Optical Control of Metal Ion Probes in Cells and Zebrafish Using Highly Selective DNAzymes Conjugated to Upconversion Nanoparticles.
ABSTRACT: Spatial and temporal distributions of metal ions in vitro and in vivo are crucial in our understanding of the roles of metal ions in biological systems, and yet there is a very limited number of methods to probe metal ions with high space and time resolution, especially in vivo. To overcome this limitation, we report a Zn2+-specific near-infrared (NIR) DNAzyme nanoprobe for real-time metal ion tracking with spatiotemporal control in early embryos and larvae of zebrafish. By conjugating photocaged DNAzymes onto lanthanide-doped upconversion nanoparticles (UCNPs), we have achieved upconversion of a deep tissue penetrating NIR 980 nm light into 365 nm emission. The UV photon then efficiently photodecages a substrate strand containing a nitrobenzyl group at the 2'-OH of adenosine ribonucleotide, allowing enzymatic cleavage by a complementary DNA strand containing a Zn2+-selective DNAzyme. The product containing a visible FAM fluorophore that is initially quenched by BHQ1 and Dabcyl quenchers is released after cleavage, resulting in higher fluorescent signals. The DNAzyme-UCNP probe enables Zn2+ sensing by exciting in the NIR biological imaging window in both living cells and zebrafish embryos and detecting in the visible region. In this study, we introduce a platform that can be used to understand the Zn2+ distribution with spatiotemporal control, thereby giving insights into the dynamical Zn2+ ion distribution in intracellular and in vivo models.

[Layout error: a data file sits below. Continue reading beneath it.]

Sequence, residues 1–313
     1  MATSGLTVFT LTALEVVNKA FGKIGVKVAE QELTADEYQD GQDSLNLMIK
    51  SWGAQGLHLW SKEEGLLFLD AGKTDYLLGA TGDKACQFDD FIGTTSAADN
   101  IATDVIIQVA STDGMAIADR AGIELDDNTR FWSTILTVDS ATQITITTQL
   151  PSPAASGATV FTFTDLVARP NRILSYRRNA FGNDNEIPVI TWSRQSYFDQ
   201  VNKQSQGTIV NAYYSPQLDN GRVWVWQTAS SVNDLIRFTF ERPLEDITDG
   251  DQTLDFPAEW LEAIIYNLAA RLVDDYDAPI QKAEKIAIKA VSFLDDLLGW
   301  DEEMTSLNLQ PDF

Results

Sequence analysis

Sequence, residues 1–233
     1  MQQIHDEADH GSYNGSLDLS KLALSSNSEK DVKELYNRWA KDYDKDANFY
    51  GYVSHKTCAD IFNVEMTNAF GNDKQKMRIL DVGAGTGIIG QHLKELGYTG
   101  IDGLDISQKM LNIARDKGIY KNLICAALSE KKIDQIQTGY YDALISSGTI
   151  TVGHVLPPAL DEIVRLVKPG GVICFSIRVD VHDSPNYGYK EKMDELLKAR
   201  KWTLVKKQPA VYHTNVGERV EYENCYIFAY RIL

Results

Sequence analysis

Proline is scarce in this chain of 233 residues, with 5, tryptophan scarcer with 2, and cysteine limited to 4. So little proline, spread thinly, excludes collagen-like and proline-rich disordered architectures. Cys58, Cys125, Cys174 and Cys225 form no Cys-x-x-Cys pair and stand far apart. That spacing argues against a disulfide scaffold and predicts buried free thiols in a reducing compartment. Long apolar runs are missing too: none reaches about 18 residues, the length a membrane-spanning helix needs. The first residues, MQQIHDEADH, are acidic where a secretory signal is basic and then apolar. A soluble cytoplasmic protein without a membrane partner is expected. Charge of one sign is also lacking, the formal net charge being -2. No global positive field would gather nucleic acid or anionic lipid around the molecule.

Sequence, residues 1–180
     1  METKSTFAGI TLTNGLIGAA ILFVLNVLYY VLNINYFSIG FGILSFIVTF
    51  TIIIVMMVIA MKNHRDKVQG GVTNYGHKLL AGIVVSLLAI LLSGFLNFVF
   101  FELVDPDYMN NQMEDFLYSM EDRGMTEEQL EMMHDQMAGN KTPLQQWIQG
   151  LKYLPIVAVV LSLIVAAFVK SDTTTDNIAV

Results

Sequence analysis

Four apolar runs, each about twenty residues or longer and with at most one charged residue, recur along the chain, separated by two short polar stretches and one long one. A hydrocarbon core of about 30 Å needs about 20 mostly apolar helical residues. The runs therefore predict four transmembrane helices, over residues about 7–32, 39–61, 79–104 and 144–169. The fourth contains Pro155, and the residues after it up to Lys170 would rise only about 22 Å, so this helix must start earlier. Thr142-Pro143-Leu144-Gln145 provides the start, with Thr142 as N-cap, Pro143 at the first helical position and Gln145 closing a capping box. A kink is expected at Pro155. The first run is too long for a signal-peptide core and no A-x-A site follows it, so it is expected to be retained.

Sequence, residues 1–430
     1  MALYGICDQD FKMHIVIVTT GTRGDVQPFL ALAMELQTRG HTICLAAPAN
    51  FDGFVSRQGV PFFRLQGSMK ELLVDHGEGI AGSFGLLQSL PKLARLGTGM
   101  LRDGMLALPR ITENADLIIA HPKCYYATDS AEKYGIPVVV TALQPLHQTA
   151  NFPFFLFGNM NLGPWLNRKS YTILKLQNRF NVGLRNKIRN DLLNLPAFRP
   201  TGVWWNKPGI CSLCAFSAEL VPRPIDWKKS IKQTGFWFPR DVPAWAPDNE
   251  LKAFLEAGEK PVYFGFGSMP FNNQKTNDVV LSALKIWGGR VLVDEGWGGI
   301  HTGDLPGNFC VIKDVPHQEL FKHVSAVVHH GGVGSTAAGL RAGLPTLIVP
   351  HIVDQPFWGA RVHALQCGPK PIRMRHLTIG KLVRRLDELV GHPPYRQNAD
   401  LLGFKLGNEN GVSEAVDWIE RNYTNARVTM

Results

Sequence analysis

PROVIDER: S-EPMC6473182 | BioStudies |